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Leaders must face need to replace lost revenue

It is time for the New Mexico executive and legislative branches to step up and do their jobs. Doing their jobs includes insuring that there is adequate revenue to fund essential government programs.

Despite projections of a shortfall in revenue due to the falling oil and gas prices, the executive and the legislative branches neglected to seriously consider any progressive revenue sources in the last legislative session.

There were some proposals that would have generated additional revenue. They included delaying the corporate tax giveaway for at least one year; raising the capital gains tax; and raising the personal income tax rate on high-income taxpayers. None were given any serious consideration.

How did we get here? Both political parties are to blame.

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Democratic Gov. Bill Richardson, hoping to boost his presidential candidacy, pushed a drastic across-the-board reduction in the capital gains and personal income tax.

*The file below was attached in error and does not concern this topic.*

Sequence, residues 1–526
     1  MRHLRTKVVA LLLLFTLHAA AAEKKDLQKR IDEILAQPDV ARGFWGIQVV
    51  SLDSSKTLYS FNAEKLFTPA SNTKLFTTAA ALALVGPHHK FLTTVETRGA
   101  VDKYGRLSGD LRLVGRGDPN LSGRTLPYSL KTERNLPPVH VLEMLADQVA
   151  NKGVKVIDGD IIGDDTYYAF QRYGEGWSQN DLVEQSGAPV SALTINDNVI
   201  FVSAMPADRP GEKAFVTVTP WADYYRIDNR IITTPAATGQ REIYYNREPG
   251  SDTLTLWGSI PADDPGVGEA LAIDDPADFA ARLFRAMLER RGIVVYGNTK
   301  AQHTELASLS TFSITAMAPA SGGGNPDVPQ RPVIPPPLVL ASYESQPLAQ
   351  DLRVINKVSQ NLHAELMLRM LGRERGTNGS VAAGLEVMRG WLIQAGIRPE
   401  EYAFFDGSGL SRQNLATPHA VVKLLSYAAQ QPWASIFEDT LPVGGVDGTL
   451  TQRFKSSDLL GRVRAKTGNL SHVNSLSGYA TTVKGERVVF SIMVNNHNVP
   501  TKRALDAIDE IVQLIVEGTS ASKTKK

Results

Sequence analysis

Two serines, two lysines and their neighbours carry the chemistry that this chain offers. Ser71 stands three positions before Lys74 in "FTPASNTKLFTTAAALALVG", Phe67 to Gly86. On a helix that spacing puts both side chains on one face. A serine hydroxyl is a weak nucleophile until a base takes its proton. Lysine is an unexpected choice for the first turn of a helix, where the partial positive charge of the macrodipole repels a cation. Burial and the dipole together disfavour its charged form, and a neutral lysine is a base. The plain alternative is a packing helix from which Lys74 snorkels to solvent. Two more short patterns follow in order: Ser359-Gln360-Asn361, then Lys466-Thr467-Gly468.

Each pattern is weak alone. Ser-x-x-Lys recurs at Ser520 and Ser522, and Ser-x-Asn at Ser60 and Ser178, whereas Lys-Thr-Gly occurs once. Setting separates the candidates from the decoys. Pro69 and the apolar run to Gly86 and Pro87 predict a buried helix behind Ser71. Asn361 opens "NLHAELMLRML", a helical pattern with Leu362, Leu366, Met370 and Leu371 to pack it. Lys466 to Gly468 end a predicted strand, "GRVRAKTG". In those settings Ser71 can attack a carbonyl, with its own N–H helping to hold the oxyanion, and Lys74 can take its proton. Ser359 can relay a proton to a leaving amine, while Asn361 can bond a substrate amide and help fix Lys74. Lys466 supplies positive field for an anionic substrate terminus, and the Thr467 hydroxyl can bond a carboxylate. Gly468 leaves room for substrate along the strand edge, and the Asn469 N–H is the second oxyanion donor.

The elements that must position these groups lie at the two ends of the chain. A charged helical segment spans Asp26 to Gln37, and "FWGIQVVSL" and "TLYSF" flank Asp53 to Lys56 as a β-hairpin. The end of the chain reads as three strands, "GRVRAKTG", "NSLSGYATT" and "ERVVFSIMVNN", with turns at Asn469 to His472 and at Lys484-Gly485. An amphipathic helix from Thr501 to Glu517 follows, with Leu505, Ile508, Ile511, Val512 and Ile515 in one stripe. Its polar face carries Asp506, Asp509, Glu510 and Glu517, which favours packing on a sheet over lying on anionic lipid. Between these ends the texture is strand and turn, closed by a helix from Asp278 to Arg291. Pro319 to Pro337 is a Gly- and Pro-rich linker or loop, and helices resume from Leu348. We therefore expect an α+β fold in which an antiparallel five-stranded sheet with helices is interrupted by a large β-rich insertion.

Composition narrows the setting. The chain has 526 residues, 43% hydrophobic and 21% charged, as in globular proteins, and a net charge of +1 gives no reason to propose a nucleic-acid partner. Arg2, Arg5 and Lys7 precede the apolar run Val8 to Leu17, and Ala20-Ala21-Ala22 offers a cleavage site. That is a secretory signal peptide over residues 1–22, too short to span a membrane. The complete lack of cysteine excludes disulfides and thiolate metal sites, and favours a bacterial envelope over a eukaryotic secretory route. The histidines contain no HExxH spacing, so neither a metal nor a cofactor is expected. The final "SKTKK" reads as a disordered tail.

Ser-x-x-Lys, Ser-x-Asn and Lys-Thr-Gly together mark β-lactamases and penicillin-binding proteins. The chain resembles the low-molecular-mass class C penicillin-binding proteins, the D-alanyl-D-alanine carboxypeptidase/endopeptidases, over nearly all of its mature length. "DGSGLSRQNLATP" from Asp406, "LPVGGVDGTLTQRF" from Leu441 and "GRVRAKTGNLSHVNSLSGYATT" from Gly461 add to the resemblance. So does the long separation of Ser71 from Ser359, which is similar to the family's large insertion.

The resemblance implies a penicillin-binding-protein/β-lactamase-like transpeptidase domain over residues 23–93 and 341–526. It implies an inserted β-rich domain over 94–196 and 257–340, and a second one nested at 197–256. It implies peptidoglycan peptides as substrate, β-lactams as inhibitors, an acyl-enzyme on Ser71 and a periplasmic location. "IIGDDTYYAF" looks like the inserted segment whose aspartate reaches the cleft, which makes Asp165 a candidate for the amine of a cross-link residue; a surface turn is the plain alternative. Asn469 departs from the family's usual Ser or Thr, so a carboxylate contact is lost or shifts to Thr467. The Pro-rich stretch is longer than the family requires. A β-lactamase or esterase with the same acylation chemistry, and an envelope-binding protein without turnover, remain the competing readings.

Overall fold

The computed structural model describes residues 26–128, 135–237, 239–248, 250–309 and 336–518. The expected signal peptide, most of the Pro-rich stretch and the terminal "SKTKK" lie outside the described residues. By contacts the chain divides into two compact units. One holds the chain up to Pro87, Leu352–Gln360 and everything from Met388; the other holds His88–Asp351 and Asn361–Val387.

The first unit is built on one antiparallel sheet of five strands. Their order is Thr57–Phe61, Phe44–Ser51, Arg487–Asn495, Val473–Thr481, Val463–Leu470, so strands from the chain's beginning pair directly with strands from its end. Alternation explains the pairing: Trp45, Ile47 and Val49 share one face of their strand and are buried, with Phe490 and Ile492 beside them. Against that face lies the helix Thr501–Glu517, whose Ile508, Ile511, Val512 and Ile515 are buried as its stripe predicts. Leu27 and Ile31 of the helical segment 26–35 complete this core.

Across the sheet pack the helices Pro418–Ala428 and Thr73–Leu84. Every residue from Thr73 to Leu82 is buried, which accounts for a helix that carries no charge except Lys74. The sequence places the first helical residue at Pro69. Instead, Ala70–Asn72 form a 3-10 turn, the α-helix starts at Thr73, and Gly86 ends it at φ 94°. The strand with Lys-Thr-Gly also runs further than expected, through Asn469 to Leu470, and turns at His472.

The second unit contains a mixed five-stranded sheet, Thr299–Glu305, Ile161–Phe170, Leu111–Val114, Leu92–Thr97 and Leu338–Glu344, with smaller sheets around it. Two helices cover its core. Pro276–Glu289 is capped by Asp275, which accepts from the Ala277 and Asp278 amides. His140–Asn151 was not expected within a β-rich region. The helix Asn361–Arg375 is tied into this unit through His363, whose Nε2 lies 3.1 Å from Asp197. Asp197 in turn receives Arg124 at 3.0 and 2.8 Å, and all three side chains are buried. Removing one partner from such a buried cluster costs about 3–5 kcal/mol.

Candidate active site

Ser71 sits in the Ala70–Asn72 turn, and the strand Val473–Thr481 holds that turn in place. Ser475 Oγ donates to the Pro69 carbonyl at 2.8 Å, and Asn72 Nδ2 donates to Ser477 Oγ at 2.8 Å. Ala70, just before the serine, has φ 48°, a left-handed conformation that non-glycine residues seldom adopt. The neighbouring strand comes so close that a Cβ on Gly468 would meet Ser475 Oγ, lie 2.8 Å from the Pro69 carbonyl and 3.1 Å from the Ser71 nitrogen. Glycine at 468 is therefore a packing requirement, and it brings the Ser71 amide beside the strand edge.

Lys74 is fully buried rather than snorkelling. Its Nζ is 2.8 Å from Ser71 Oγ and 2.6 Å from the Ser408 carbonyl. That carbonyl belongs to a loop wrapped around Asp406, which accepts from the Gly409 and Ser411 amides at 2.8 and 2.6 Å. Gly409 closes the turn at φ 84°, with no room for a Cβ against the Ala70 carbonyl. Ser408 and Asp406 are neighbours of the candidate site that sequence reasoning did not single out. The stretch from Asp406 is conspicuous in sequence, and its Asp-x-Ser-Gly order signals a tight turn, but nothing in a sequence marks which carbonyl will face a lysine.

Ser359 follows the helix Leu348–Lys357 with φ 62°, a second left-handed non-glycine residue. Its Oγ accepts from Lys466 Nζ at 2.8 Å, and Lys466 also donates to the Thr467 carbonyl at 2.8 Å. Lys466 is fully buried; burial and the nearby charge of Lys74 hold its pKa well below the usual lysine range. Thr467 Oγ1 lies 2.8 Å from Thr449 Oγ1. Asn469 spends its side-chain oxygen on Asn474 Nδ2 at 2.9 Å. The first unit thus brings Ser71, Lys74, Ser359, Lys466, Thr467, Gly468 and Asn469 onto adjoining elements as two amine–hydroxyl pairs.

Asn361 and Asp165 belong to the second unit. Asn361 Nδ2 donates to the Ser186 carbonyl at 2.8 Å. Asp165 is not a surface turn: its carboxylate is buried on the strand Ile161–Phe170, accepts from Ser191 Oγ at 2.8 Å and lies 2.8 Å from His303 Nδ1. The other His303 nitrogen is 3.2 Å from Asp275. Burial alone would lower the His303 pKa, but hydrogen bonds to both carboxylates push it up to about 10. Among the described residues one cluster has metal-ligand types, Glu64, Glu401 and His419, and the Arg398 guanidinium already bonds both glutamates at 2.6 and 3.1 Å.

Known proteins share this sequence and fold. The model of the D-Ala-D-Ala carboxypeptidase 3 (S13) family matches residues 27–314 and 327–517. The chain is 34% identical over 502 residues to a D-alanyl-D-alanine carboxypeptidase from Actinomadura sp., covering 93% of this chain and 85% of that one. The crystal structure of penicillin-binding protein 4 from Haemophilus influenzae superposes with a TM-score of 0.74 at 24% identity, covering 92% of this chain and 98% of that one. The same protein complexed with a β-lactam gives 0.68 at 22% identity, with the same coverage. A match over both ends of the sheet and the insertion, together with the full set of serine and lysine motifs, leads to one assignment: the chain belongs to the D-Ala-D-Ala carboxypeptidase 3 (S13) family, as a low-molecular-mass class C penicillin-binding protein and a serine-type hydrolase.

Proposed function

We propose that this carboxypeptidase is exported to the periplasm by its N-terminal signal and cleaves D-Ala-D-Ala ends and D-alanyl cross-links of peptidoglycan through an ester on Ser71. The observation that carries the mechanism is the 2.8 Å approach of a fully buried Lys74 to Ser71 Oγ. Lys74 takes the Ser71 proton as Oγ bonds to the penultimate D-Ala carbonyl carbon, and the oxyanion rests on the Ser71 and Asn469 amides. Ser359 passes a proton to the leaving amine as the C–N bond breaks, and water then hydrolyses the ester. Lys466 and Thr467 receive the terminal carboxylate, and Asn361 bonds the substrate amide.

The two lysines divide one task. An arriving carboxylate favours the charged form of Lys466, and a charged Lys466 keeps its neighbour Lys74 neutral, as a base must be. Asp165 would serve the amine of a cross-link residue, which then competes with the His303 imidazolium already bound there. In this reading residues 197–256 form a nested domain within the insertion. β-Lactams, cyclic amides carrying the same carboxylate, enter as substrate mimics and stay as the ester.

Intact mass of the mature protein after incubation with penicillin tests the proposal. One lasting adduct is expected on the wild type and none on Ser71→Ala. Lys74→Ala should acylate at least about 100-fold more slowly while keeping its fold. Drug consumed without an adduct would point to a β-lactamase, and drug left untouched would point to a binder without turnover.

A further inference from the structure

Richardson also continued to promote the myth that tax giveaways are the route to economic development.

Combined, these moves blew an enormous hole in the New Mexico budget that haunts us to this day.

At the same time, Republican strategist Grover Norquist was putting pressure on Republican legislators at all levels to take the “no new taxes” pledge. Also, the American Legislative Exchange Council, made up mainly of Republican legislators and funded by large corporations, started to push legislation that gave huge tax giveaways to corporations.

Like Richardson, ALEC promised these tactics would lead to economic development that would create jobs. Instead, New Mexico is near the bottom in job growth; near the bottom in child welfare; near the bottom in poverty.

The legislative and executive branches need to generate more revenues from those able to pay. They can start with a comprehensive review of the tax breaks that have been given out over the years to see which are promoting economic growth. Those that aren’t should be repealed.

Then we need to go back to the pre-Richardson capital gains and personal income levels for high-income taxpayers. Those two actions would be a good start to fixing the revenue side of the New Mexico budget and reducing our dependency on revenues from the extraction industries.

It is easy for public officials to get elected by promising the people a free lunch. But now is the time for public officials to fulfill their responsibilities to their constituents. They must raise the revenue needed to educate our students and provide other important services.

Economic growth will follow.

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